Cowbell rings spectacle loud and true

Cowbell rings spectacle loud and true

The easy headline would have been, “I need more cowbell!” to invoke the Christopher Walken-Saturday Night Live comedy sketch of the 2000 season. It’s a icon of American pop culture. Yet the cowbell has suddenly gained something of another iconic status when it comes to beer in southern Ontario, via the Cowbell Brewing Co. of Blyth.

Established in mid-2017, Cowbell is housed in a magnificent new facility which has driven throngs of beer tourists and cicerone-esque aficionados as well as generally turning (frothy beer) heads with its multi-million dollar property and the accoutrements delivered by, obviously, deep-pocketed craft-beer lovers. It’s simply glorious; the site covers several acres — there’s an event and concert venue still to be built — and it’s all thanks to the Sparling family propane empire in Huron County. The wow-factor is several orders of magnitude.

Cowbell art (Photo: WREats).

The  19th-century barn-like structure (in fact, a “grand old barn design,” according to their website) of over 25,000 sq.-ft. contains a brew house (with a nifty catwalk and self-guided video tours for observation), a long bar, a patio, a gift shop with tons of branded merch, and flexible space for nuptial, meeting, conference and business events. There is an on-site farm too and, apparently, they plan on holding outdoor hockey games as well. That’s even niftier.

Just as important as the beer (of which several quite good styles are available at the LCBO), there’s a kitchen and a large open dining room for about 100 people with vaulted ceilings and well-designed wood, stone and iron construction. The collection of cowbell art is pretty cool too. 

Long bar of Cowbell brew (Photo: WREats).

A mid-afternoon on a Sunday in November saw the place turning tables while the parking lot continued to fill up and a steady stream of patrons filed in. Reservations are certainly necessary: apparently, the dining room is booked on weekends until the end of January, 2018.

The menu is clearly marked with icons for the usual suspects of gluten- and dairy-free, and such. Appetizers ($6-$18) include bruschetta, poutine and the well-respected Kolapore Springs smoked trout with a potato cake. The small Kelly pork-and-beef dog (no explanation on that name could be given by the waiter) with sauerkraut and mustard is quite good and a fun little snack in its simplicity, though the bun is average ($2).

Cowbell beer has proven popular (Photo: WREats).

The ploughman’s platter has a selection of meats, condiments such as smoked grainy mustard and an assortment of pickled veg (the carrot bâtons were tasty but too raw). A chunk of Gunn’s Hill cheese (usually stellar product) is an odd texture but flavourful nevertheless.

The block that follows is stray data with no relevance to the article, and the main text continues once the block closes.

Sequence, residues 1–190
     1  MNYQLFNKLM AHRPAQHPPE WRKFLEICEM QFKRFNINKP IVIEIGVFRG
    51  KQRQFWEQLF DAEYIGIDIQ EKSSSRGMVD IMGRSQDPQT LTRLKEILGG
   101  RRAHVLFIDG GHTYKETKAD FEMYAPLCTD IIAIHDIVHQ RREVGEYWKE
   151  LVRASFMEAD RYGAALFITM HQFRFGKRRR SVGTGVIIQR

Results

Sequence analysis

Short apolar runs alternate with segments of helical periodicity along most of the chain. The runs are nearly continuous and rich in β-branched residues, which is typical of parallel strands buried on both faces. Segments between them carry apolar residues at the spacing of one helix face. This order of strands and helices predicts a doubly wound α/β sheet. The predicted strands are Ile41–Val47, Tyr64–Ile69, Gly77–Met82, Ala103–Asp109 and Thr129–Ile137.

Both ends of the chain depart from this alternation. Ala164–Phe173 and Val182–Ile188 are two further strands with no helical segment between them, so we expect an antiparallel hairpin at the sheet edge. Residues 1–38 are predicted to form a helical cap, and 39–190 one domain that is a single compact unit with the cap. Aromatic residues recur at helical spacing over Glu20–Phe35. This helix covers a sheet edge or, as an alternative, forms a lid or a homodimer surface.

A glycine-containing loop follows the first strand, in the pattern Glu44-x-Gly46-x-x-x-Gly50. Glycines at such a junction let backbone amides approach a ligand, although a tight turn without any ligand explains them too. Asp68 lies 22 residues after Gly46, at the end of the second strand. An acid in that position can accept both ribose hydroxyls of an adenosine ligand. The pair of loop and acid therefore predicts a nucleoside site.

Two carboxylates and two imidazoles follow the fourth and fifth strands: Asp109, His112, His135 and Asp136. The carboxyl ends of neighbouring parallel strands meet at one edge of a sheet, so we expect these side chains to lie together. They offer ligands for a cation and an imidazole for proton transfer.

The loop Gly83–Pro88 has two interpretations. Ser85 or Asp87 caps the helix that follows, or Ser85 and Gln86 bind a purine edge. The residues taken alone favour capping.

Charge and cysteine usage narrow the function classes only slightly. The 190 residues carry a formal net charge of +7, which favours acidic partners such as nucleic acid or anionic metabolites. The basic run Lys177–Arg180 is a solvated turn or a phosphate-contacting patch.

The steak (which is cooked perfectly) and wedge of iceberg lettuce attempt to form a salad ($18) that has decent and flavourful components (especially if you like broccoli), but it seems only a disparate collection of ingredients.

A sharing board (Photo: WREats).

Elsewhere on the menu is a vegan pot-au-feu — which thumbs its nose at the meat that traditionally defines the classic rustic French dish but which is more than made up for by the Flintstone-sized two and one-quarter pounds of 45-day-aged bone-in Tomahawk ($99). There are six burgers, including a Pork-Tobello, along with a two-pound behemoth of a burger that clocks in at $72 — yes, $72.

Brewing observation and education (Photo: WREats).

Seven pizzas ($12-$16) include a mushroom, cheese and potato creation and the “Royale:” obviously a Tarantino-inspired burger pizza. The Margherita has the requisite ingredients of that classic with pesto for the basil component. It’s good in that there are proper and vibrant flavours present, although I would say that the crust — given some nice dark blistering — was, in this instance, akin to a thinner, denser crust than a Margherita otherwise deserves.

Cowbell kitchen Margherita pizza (Photo: WREats).

The venue and the energy it drives is quite remarkable at Cowbell — it is truly one of those beautiful and comfortable places that you can feel good in without it being finicky and too precious. Though it is a bit of a hike from Waterloo Region, it does require a trip to visit and experience Cowbell; it must surely be destined to become a significant tourist aspect of this beautiful and agrarian part of southern Ontario.

Kudos to Cowbell for helping build community. There used to be an effective and catchy retail leather goods tagline: “It’s worth the drive to Acton.” The drive to Blyth, itself a pretty country perambulation, leads to a pretty spectacular facility to experience what thoughtful design can create — with the help of a few simoleans.



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